At home and the office all the morning, and at noon comes Luellin to me, and he and I to the tavern and after that to Bartholomew fair, and there upon his motion to a pitiful alehouse, where we had a dirty slut or two come up that were whores, but my very heart went against them, so that I took no pleasure but a great deal of trouble in being there and getting from thence for fear of being seen. From hence he and I walked towards Ludgate and parted. I back again to the fair all alone, and there met with my Ladies Jemimah and Paulina, with Mr. Pickering and Madamoiselle, at seeing the monkeys dance, which was much to see, when they could be brought to do so, but it troubled me to sit among such nasty company. After that with them into Christ’s Hospitall, and there Mr. Pickering bought them some fairings, and I did give every one of them a bauble, which was the little globes of glass with things hanging in them, which pleased the ladies very well.
After that home with them in their coach, and there was called up to my Lady, and she would have me stay to talk with her, which I did I think a full hour. And the poor lady did with so much innocency tell me how Mrs. Crispe had told her that she did intend, by means of a lady that lies at her house, to get the King to be godfather to the young lady that she is in childbed now of; but to see in what a manner my Lady told it me, protesting that she sweat in the very telling of it, was the greatest pleasure to me in the world to see the simplicity and harmlessness of a lady.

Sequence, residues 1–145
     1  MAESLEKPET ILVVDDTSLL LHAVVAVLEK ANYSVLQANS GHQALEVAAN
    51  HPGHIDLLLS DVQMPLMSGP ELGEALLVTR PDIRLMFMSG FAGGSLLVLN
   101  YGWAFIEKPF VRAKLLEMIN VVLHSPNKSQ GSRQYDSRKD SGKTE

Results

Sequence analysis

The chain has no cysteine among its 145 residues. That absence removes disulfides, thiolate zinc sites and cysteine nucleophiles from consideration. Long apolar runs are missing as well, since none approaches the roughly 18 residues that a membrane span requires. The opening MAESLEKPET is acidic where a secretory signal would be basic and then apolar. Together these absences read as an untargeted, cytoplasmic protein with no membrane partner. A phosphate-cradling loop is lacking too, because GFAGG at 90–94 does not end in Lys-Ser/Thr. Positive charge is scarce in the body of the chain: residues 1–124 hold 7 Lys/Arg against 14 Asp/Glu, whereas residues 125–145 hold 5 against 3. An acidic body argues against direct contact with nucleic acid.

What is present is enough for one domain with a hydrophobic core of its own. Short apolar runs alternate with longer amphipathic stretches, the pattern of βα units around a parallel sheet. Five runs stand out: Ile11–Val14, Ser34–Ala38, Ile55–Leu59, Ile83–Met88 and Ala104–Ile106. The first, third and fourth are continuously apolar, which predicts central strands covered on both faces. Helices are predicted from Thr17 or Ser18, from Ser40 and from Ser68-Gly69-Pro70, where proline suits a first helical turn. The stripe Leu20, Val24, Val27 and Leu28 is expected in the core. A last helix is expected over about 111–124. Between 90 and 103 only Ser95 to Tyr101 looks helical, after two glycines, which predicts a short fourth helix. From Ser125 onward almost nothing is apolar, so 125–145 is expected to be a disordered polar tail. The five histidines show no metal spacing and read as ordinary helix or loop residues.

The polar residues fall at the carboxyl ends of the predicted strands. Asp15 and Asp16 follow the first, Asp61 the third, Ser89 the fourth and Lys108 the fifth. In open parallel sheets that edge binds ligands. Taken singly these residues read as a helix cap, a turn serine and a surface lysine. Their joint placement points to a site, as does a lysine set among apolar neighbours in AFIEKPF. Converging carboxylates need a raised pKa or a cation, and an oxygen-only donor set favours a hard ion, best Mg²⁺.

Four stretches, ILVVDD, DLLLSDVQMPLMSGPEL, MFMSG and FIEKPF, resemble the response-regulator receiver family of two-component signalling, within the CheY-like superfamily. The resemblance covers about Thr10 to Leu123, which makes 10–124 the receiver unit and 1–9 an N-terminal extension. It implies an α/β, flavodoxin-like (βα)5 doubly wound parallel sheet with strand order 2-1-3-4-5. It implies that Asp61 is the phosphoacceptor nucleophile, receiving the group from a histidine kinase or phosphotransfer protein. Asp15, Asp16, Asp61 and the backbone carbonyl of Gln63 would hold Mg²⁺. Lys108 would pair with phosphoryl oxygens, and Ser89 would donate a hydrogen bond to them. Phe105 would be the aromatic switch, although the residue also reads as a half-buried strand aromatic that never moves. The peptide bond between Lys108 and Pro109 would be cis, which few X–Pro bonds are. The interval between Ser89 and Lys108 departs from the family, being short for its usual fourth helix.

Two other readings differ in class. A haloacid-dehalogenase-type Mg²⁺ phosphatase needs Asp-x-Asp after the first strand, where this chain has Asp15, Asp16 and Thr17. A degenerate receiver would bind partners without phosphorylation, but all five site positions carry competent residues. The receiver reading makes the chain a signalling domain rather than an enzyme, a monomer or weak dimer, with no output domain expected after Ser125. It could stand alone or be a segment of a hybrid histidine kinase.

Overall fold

Then down to supper with the ladies, and so home, Mr. Moore (as he and I cannot easily part) leading me as far as Fenchurch Street to the Mitre, where we drank a glass of wine and so parted, and I home and to bed.
Thus ends the month. My maid Jane newly gone, and Pall left now to do all the work till another maid comes, which shall not be till she goes away into the country with my mother. Myself and wife in good health. My Lord Sandwich in the Straits and newly recovered of a great sickness at Alicante. My father gone to settle at Brampton, and myself under much business and trouble for to settle things in the estate to our content. But what is worst, I find myself lately too much given to seeing of plays, and expense, and pleasure, which makes me forget my business, which I must labour to amend.
No money comes in, so that I have been forced to borrow a great deal for my own expenses, and to furnish my father, to leave things in order. I have some trouble about my brother Tom, who is now left to keep my father’s trade, in which I have great fears that he will miscarry for want of brains and care.
At Court things are in very ill condition, there being so much emulacion, poverty, and the vices of drinking, swearing, and loose amours, that I know not what will be the end of it, but confusion. And the Clergy so high, that all people that I meet with do protest against their practice. In short, I see no content or satisfaction any where, in any one sort of people.
The Benevolence proves so little, and an occasion of so much discontent every where; that it had better it had never been set up. I think to subscribe 20l.. We are at our Office quiet, only for lack of money all things go to rack. Our very bills offered to be sold upon the Exchange at 10 per cent. loss. We are upon getting Sir R. Ford’s house added to our Office. But I see so many difficulties will follow in pleasing of one another in the dividing of it, and in becoming bound personally to pay the rent of 200l. per annum, that I do believe it will yet scarce come to pass.
The season very sickly every where of strange and fatal fevers.

We monkeys dance
with little globes of glass,
get and forget, our getting
a fatal fever.


Erasure poem derived from The Diary of Samuel Pepys, Saturday 31 August 1661.